Vietnam’s actions are currently under review by the UN Committee Against Torture in Geneva, which has heard evidence of regular deaths in police custody and systematic abuse of political activists.
The deputy minister of public security, Lieutenant-General Le Quy Vuong, told the panel that progress had been made since Vietnam signed up to the UN Convention Against Torture four years ago.
He delivered Vietnam’s first report to the committee, in line with the periodic monitoring of compliance required by the convention.
He said that shortcomings and challenges had been identified in the report and plans were in place for more effective implementation.
Lt-Gen Vuong maintained that steps had been taken to improve the legal framework and to punish those found responsible for torture and other abuses of those in police custody.
Critics say that despite some fluctuations the number of suspects who die after interrogation has remained more or less consistent, and that the police continue to attribute most such deaths to suicide.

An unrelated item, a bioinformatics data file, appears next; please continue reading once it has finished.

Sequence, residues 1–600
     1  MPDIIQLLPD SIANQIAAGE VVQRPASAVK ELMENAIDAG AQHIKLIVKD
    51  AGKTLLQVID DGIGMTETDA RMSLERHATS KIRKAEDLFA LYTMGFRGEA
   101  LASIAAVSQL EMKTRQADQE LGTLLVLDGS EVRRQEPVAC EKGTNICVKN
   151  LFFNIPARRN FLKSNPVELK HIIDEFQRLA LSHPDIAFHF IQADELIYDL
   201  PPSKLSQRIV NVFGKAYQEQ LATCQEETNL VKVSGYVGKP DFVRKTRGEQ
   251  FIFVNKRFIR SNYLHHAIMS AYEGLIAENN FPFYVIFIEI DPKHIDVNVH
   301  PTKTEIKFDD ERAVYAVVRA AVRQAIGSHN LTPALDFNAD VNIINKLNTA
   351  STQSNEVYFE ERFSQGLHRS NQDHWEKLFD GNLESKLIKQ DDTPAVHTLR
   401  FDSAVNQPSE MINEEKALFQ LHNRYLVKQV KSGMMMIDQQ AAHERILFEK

Meanwhile, some fifty bloggers and other political campaigners have been imprisoned this year, with many complaining of poor treatment and sometimes physical assault after their detention.
Human rights groups say that the police regularly employ plainclothes proxies to carry out violent attacks on government critics, with some activities sustaining severe injuries as a result.
Vietnam signed up to the convention on torture at a time when it was seeking to convince the United States and other western partners that it was serious about improving its human rights record and becoming more tolerant of internal dissent.
In the years since, Vietnam has reverted to a more explicitly authoritarian system, with a sustained campaign of harassment and arrest targeted at civil society activists and independent bloggers.
Lt-General Vuong argued that Vietnam still takes its obligations seriously and police are now subject to closer monitoring.
The Committee Against Torture is due to announce the results of its review early next month.